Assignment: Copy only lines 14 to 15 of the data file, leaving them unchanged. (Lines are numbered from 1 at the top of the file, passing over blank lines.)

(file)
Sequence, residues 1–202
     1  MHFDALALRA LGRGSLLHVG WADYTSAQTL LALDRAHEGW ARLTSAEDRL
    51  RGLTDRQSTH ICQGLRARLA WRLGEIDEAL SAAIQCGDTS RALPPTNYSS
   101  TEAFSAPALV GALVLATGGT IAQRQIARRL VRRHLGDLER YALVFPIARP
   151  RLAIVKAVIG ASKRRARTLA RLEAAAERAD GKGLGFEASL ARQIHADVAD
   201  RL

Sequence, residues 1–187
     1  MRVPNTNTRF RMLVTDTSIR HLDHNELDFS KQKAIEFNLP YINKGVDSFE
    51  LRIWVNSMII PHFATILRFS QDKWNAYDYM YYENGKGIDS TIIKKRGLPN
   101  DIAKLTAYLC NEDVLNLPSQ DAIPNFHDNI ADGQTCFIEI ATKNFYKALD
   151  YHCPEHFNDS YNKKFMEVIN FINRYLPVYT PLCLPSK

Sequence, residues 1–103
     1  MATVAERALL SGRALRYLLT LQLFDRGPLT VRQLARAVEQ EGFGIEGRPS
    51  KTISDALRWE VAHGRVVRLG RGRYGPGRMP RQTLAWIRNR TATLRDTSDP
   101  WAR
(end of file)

    51  KTISDALRWE VAHGRVVRLG RGRYGPGRMP RQTLAWIRNR TATLRDTSDP
   101  WAR